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In their well-executed argument for a new approach to economic policy, Mazzucato, Kattel, and Ryan-Collins spell out how governments could develop an industrial policy to shape and drive innovative opportunities for the future. They rightly demolish the folk tales of neoliberalism: the elevation of markets to mythical status, the reverence for allegedly “independent” central bankers, the skepticism of government action, and the deregulation of trade and foreign direct investment.
I deliberately use the word “could,” however, because a lot hangs on future conditions. While the authors offer both practical and effective strategies for tackling grand challenges, they offer only part of the solution. There are two major gaps in their account that suggest another approach may be needed.
First, while the authors rightly recognize the major challenge posed by climate change, their argument does not convey the urgency of the sixth great extinction and climate breakdown. Human activities have so deeply impinged upon and destabilized the natural order that we have put both countless other species and our own at risk. A paper published last June in the Proceedings of the National Academy of Sciences warned of civilizational collapse. Given the scale of global warming and biodiversity collapse—as well as the catastrophic consequences it is bringing and will continue to bring—this is no time to be writing about “growth” and an expansion of industrial activity.
Indeed, the injunction to “build back better” mistakenly suggests that a global economy of 9 billion people can continue to invade the natural order, to extract and exploit even more of Earth’s finite resources. Even if governments ignore these constraints and go full steam ahead on ambitious industrial strategy, they may well be overwhelmed by another sudden, traumatic, and synchronized catastrophe. In 2014 Oxford development scholar Ian Goldin warned in The Butterfly Defect of pandemics in the pipeline. In his new book, Rescue, he now warns of the “growing inequality, extreme poverty, and ecological breakdown” in our future. These are not optimal conditions for an industrial strategy.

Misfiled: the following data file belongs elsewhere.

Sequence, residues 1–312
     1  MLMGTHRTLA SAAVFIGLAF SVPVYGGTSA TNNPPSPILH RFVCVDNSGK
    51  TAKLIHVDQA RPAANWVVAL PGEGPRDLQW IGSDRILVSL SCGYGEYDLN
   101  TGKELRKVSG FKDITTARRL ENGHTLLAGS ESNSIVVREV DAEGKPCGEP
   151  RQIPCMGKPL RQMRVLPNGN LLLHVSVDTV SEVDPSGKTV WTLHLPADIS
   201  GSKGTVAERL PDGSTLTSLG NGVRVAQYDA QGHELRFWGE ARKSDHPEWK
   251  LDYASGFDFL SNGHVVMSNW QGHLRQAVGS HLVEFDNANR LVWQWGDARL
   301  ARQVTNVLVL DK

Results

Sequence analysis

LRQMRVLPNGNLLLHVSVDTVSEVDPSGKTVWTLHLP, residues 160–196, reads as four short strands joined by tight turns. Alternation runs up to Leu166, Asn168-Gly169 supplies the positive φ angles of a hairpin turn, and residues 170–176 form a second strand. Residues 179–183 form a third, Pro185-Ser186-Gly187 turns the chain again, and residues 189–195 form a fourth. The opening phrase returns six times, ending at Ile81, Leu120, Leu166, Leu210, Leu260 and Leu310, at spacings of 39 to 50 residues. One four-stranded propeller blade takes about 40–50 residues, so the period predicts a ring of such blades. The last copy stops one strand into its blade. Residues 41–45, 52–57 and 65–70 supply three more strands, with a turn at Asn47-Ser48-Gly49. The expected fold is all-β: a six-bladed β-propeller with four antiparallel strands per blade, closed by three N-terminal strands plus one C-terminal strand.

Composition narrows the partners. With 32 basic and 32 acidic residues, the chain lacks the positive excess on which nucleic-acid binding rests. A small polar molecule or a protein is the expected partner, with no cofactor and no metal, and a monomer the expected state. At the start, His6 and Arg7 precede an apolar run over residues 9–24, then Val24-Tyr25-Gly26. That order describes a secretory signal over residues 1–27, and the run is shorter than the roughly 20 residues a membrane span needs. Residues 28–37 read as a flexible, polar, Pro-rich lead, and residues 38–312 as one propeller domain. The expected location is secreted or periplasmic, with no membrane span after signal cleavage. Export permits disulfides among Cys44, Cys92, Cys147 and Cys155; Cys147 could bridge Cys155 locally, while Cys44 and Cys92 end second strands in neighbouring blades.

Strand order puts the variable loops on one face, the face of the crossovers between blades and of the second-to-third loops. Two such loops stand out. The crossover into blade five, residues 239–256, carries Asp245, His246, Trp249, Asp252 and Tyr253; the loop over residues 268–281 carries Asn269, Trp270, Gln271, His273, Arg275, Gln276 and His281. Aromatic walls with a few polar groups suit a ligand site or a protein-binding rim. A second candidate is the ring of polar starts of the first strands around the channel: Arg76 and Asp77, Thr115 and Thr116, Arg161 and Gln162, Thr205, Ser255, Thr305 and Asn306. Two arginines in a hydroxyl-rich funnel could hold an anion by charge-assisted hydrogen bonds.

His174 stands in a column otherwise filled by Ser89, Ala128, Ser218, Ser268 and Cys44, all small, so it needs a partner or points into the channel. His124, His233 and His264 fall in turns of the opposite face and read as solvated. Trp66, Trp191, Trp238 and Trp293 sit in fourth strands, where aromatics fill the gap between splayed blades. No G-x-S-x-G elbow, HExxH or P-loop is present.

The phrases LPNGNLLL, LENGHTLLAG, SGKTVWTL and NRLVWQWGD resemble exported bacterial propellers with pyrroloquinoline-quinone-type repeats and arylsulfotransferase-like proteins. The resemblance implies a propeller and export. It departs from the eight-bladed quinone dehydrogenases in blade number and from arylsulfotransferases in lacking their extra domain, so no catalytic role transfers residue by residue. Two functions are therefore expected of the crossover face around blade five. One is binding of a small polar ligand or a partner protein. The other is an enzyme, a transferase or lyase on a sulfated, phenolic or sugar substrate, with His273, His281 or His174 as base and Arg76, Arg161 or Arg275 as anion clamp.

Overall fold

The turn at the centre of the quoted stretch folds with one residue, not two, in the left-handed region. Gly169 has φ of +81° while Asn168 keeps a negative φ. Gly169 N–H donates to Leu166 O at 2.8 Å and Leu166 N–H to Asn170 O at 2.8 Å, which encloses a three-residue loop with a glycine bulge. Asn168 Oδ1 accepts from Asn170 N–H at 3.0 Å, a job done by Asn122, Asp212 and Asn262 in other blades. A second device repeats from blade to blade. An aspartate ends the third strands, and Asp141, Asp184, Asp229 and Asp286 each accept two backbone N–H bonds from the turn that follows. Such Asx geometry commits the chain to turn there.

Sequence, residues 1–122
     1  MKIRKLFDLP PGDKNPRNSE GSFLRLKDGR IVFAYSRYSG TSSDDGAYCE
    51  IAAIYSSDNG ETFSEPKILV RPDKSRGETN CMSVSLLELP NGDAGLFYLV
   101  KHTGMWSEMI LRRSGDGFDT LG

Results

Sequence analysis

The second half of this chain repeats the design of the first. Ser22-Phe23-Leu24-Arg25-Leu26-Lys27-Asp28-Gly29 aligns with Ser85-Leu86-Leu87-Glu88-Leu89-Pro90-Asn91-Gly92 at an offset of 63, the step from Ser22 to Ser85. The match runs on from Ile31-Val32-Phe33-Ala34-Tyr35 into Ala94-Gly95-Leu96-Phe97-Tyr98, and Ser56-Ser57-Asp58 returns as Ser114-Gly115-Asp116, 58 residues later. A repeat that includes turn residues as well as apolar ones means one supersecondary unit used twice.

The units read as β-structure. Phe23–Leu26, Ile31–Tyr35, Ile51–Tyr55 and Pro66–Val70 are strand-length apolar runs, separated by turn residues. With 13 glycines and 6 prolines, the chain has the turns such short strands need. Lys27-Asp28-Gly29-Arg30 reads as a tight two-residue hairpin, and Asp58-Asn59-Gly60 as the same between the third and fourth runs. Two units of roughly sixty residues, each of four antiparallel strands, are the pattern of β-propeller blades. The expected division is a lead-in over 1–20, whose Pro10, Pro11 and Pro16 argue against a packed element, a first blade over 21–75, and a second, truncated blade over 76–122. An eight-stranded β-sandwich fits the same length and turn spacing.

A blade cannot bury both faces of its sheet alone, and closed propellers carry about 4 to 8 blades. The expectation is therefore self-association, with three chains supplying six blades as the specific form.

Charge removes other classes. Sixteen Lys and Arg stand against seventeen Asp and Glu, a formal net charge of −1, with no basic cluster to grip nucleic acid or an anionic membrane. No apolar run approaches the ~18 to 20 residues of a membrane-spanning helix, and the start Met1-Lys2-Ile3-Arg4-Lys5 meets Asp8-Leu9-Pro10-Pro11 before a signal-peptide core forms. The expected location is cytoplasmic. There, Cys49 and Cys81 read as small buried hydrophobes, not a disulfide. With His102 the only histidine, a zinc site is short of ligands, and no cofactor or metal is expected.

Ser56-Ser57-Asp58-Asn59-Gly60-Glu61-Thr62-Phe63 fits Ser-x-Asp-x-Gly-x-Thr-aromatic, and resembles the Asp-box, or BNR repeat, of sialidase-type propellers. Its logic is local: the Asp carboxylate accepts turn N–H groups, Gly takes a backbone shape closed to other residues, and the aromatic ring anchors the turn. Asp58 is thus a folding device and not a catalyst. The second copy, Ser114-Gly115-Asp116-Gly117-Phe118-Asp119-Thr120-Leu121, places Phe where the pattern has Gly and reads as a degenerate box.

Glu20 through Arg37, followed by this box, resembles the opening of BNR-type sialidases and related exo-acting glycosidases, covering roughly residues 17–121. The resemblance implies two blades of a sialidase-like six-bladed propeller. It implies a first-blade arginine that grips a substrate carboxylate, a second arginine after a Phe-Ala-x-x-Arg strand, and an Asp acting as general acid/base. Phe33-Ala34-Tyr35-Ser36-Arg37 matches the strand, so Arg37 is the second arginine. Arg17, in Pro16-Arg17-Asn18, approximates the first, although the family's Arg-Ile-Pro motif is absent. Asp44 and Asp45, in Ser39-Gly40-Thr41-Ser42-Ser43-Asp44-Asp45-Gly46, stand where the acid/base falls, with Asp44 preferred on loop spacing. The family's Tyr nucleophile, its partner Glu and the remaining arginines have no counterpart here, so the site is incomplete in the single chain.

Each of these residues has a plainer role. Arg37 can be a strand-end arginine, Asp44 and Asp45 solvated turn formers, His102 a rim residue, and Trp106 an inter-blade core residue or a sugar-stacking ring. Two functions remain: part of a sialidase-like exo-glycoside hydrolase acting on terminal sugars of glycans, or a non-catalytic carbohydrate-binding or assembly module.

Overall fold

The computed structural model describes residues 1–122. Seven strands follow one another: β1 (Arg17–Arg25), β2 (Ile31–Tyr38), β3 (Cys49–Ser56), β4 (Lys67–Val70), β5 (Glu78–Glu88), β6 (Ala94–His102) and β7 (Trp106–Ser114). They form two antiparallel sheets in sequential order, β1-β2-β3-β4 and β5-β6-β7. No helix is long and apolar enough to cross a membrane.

The second gap is a kind of misdiagnosis. The authors follow Goldin in assuming that “neoliberalism” is the “dominant economic model” today. It is not. Instead, as Susan K. Sell has recently argued, “the term ‘neoliberalism’ . . . has become a very large conceptual tent that obscures some important differences between the sharp shift to markets in the 1970s and 1980s under Reagan and Thatcher and the global capitalism of the twenty-first century.” As Sell explains:
Key features of the contemporary era include the outsized role of intangibles in the global economy (e.g., intellectual property, services, financial instruments such as derivatives and securities), the rise of financialization, the quest for profits over economic growth, and the pursuit of competitiveness—not competition—in global markets.
These features are not always compatible with orthodox, hard-line neoliberalism. Under this new order, there is increased concentration of economic power, and the owners of intangibles face even less competition than they did before thanks to the state-financed protection of intellectual property (IP) law.
Another distinctive feature of capitalism today is the way it has decimated labor rights and gutted unions—even more comprehensively than under Reagan and Thatcher. Work has become more precarious, even while societies have relied on “essential workers”—in many sectors mostly drawn from communities of color—for their survival throughout the pandemic. These labor market developments, coupled with systemic racism and ever-increasing digitalization, mean that a corporation like Apple—which calls itself a technology company, not an intangibles company—can bring in $1,500 per iPhone, whereas Foxconn and its workers—who manufacture the actual product—get pennies on the dollar.